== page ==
NETHERLANDS – Heineken, the second-largest beer company in the world, has reported a below-expectation financial performance in the first half of 2023 primarily driven by challenging results in its most profitable APAC region.

Net profit slumped 8.6 percent to €589 million (US$649 million), despite a 6.3% jump in revenue due to higher pricing.

In the first half, Heineken sold 5.6% less beer than a year ago. Over half of the drop was due to Vietnam and Nigeria where price increases and a challenging economic backdrop led to a 7.6% organic decline in Q2.

“We have taken the vast majority of our pricing in the first half. That was deliberate and by design. That of course impacted to some extent the volume performance in the first half, but in the second half, we see that effect moderating,” Chief Executive Dolf van den Brink told Reuters.

In Nigeria, the Dutch company said it has continued to right-size its cost base lowering the break-even volume threshold of Nigerian Breweries by 20%, a major step in helping the business mitigate the challenging economic conditions and providing a significant opportunity in periods of growth.

Beer volumes in the Asia-Pacific region fell by 13.2% with more expensive premium beers down by even more. Beer volume in Europe performed broadly in line with the company’s expectations for the first six months, while the Americas region was impacted by a soft beer market, notably in the second quarter.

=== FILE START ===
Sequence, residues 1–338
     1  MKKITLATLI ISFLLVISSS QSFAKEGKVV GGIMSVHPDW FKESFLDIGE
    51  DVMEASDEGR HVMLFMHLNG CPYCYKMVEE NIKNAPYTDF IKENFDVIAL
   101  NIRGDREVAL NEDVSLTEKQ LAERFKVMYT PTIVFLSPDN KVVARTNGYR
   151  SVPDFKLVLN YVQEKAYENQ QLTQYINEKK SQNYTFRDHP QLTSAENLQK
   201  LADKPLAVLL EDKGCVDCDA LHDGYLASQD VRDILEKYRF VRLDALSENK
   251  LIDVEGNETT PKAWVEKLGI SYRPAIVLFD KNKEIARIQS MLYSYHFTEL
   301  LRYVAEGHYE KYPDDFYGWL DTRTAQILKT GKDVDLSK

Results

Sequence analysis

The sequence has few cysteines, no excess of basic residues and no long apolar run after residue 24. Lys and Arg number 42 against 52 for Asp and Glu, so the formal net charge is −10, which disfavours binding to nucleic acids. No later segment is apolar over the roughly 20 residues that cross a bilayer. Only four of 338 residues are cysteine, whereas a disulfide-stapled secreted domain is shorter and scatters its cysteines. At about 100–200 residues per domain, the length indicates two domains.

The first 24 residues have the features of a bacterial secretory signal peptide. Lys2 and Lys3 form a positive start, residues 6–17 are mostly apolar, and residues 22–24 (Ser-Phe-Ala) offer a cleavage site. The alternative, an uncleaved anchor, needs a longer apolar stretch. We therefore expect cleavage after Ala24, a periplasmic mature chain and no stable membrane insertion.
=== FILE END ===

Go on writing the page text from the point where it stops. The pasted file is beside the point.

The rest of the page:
The group’s premium beer volume declined by 6.5%, driven by Vietnam and Russia. Outside these markets, premiumization trends remain strong as premium volume grew by a low single digit, ahead of the total beer portfolio in aggregate and in more than half of the markets.

The non-alcoholic beer and cider portfolio grew volume by a mid-single-digit. Heineken 0.0 continued to grow, up by a mid-single-digit excluding Russia, and double-digit growth in Brazil and the USA.

The Low & No-Alcohol (LONO) portfolio volume was stable for the first half, with double-digit growth in 15 markets including Brazil, Mexico, Spain, Panama, and Bulgaria, offset by declines in Nigeria, France, Poland, and Germany.

Following the acquisition of Distell in South Africa, Heineken’s overall volume of flavored beer and beyond beer alcoholic propositions grew to 6.8 million hectolitres in the first half.

The brewer said its digital platforms captured €5.2 billion (US$5.74bn) of gross merchandising value, an increase of 36% compared to last year.

Giving an update on its stand in Russia, Heineken said the recent developments in the country have demonstrated that it is even more challenging for businesses to secure exit approval.

The company revealed that it does not accept any financial gain from the ongoing operations, will not profit from the sale of the business, and has taken an impairment loss to date of €201 million (€88 million in December 2022 and €113 million in June 2023) bringing the net carrying value to nil as of 30 June 2023.

For the full year, the owner of Tiger and Sol brands expects pricing to moderate with volume trends, gradually improving to a low-single-digit decline.

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